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THE REAL PRESENCE The Real Presence of Christ in the Eucharist CHRIST IN THE EUCHARIST

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His Presence That Is … Real

(Eucharist is the heart of the parish)

By Fr. P.J. McHugh
Pastor, Nativity Parish

Religion becomes real when God becomes Someone whereas up until then God, and all that relates to Him has been SomeThing: a ritual . . . a code . . . an ideology . . . a program, a cultural projection - SomeThing.

A parish becomes real when it is centered on a Presence we call Real. The ideal – the glorious paradigm – is that parishioners feel that their church is where the Lord is "at home." They come to speak to Him on all that is in their minds. They pour out their hearts in His Presence. Phyllis McGinley put it well:

Nativity Parish, Torrance CaliforniaThey come, tired children of the town,
In this hushed place to bow them down.
From student life a moment free,
A broker says his rosary
Next to the finger-crippled sire,
Unknown, who tends his office fire.
Prays a sad Magdalen beside
A woman in mourning and a bride.
A dancer quietly kneels; by her,
Comrade to God, a carpenter.
Bringing their burdens of distress
They come as to the wilderness.
Ah, Christ, with what tremendous food
Again Thou feedest the multitude!

Phyllis McGinley

The Parish, because it takes shape and structure around humans (we are not angels), has all kinds of needs and wants. We spend much effort, money and time in trying to meet these requirements. We have to organize, to plan, to educate, to do all the duties and tasks that serving one another asks for and demands. All of this is necessary and good, provided that always and everywhere we look to the Lord as One Who is here: the Lord is "at home." There is, therefore, one ultimate test of a parish; it is simple, even rudimentary –

How real is this Presence that the Church calls Real?

For, let us face it, this Presence may not be "real" at all. The secular smog we live in and inhale does strange and terrible things to our spiritual lungs. The Body of Christ, the Church, can become deeply, terribly ill and go into convulsions, even seem to die.

We began Perpetual Adoration in Nativity Parish (Torrance, CA) in November, 1986, using the main body of the Church. Very soon we came to realize that, even with the best will, adorers were too often distracted. There were so many things going on - there is no need to list how any and every parish church is used every day. We began to dream of a new Perpetual Adoration Chapel in which the Blessed Sacrament would be exposed in a monstrance night and day and in which there would be one inflexible rule: SILENCE. We made our announcement accordingly, "We have a dream... " There was a rider – the chapel will be built completely and entirely from gifts given for this holy purpose; no parish funds will be used. A miracle (I use the word loosely; never mind) happened. The money poured in as I have never seen money come before. The project would be expensive because a new "cry room" had to be built; the new chapel was to be built on part of what had been the room for families with small children. And we were determined to give the Lord the best we had in everything in order to make our chapel "something beautiful for God."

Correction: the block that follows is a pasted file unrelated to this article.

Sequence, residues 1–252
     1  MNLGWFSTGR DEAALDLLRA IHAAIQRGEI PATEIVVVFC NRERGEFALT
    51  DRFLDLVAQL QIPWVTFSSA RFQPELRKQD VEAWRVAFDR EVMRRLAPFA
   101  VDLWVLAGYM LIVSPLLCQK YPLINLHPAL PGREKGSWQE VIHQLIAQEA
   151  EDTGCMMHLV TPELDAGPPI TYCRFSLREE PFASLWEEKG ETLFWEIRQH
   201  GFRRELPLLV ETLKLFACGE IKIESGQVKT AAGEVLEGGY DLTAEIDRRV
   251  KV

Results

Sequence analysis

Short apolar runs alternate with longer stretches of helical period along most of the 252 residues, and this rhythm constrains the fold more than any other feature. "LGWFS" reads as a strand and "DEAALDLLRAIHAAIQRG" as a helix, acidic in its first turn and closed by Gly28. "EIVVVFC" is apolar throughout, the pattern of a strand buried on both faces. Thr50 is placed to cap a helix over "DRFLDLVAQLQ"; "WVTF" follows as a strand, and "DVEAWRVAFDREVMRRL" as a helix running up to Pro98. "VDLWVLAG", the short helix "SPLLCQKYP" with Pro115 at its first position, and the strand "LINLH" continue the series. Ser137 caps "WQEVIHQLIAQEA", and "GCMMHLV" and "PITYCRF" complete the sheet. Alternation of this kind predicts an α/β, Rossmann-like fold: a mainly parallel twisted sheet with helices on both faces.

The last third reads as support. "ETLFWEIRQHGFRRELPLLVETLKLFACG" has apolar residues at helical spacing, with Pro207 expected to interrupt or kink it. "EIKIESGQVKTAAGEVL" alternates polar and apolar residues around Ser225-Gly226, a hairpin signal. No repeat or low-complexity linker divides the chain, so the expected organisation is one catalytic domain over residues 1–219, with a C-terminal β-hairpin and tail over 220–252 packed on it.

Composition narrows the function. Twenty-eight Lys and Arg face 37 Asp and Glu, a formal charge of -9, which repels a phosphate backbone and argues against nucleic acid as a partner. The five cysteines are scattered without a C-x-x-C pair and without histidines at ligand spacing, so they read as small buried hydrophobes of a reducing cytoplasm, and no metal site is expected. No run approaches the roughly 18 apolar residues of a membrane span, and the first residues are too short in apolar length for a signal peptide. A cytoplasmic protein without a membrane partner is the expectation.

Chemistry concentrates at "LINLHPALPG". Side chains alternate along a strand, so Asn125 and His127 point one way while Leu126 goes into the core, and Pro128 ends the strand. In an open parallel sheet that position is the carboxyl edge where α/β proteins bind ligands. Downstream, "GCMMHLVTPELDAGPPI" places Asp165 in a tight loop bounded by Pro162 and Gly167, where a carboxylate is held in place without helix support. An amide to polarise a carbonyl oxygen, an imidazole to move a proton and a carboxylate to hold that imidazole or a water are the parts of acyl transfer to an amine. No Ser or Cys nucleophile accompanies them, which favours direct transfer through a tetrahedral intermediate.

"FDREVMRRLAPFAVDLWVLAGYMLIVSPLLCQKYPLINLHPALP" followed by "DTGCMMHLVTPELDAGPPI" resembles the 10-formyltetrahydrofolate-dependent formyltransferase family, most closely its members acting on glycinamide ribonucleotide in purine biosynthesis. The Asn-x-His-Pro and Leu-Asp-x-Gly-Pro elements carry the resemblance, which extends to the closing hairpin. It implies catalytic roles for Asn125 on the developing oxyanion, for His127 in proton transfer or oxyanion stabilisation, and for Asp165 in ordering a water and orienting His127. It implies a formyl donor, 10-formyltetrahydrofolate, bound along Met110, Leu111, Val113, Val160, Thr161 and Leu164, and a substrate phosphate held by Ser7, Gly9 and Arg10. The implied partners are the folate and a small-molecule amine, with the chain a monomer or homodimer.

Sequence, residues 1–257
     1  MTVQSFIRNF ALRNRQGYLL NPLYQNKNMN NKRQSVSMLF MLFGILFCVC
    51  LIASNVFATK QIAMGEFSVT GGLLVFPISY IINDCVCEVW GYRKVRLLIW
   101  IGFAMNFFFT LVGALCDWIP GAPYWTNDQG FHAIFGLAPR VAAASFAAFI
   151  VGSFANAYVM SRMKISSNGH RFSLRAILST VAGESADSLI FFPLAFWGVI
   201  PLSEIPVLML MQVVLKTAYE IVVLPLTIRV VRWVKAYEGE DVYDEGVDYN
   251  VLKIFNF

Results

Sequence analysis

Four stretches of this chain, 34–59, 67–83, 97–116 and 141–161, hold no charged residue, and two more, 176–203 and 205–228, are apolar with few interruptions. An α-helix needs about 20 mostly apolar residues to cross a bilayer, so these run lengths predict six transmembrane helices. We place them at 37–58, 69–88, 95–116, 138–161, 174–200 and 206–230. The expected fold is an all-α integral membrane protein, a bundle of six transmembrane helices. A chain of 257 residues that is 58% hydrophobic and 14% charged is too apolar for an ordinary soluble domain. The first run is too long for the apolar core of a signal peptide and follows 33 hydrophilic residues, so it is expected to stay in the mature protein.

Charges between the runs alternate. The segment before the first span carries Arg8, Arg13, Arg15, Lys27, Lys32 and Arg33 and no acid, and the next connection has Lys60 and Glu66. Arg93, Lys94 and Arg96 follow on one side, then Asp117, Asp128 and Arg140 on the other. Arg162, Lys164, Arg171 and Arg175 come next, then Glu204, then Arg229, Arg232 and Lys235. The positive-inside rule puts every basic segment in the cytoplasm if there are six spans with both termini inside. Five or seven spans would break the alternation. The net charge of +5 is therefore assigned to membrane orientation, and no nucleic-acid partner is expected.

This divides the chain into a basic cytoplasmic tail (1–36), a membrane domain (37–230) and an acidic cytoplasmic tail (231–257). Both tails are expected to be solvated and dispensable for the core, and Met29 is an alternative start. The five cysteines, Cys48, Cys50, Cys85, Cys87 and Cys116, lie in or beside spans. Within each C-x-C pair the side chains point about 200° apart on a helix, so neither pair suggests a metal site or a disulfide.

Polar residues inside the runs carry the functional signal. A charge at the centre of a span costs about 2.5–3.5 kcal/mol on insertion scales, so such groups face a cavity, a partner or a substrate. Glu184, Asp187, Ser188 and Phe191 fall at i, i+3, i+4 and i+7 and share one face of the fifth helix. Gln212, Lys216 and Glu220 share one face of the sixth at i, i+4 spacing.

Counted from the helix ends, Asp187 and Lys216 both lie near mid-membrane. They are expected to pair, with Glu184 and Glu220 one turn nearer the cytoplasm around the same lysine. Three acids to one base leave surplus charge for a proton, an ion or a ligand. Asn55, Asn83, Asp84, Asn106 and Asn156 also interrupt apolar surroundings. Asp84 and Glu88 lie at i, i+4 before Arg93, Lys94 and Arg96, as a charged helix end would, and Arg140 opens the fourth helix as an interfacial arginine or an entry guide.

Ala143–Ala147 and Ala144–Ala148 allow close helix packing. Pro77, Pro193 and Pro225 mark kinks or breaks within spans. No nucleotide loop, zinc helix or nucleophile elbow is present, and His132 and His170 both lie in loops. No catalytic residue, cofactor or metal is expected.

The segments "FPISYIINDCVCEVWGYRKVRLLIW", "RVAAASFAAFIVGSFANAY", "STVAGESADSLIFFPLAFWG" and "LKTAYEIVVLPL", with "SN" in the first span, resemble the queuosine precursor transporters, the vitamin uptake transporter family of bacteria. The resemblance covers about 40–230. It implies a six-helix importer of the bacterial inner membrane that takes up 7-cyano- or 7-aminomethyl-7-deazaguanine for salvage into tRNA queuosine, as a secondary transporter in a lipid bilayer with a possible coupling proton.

The actual cost to build the chapel was $81,000, but we received over $86,000 in gifts!

On February 17,1991, Bishop Fisher, may he rest in peace (we miss you, dear and glorious Carl) opened the Chapel. The Blessed Sacrament was solemnly enthroned and the Lord has been there since.

PEA gives tone to a parish – a feeling of reverence and awe, a feeling that in this chapel, the Lord is at home. Eucharist is the heart of the parish.

But you can't have PEA unless they see you [the pastor] in the chapel. Unless parishioners see the priest in the chapel regularly, nothing will come across.

I make a Holy Hour every day from 5 am to 6 am. I do two hours on Friday. It is most important for the priest to make a Holy Hour.

I believe if people look back 300 years from now they will see that a great healing took place, but without anyone living at the time noticing it.

The Lord works in mysterious ways to cleanse and renew and heal the Church. It may well be that hundreds of years from now they will look back on our time and say:

"At the end of the Twentieth Century, when, as it seemed then, the Church would die, small groups of ordinary people in parishes across the world came to adore the Lord night and day. They did not know it then, they never suspected what a glorious thing they were doing but, in the Providence of God, the whole Church was turned around. A great healing began to take hold from within."




Perpetual Eucharistic Adoration Newsletter
Volume 7, Number 1
International Apostolate
March 1994
Reprinted with Permission





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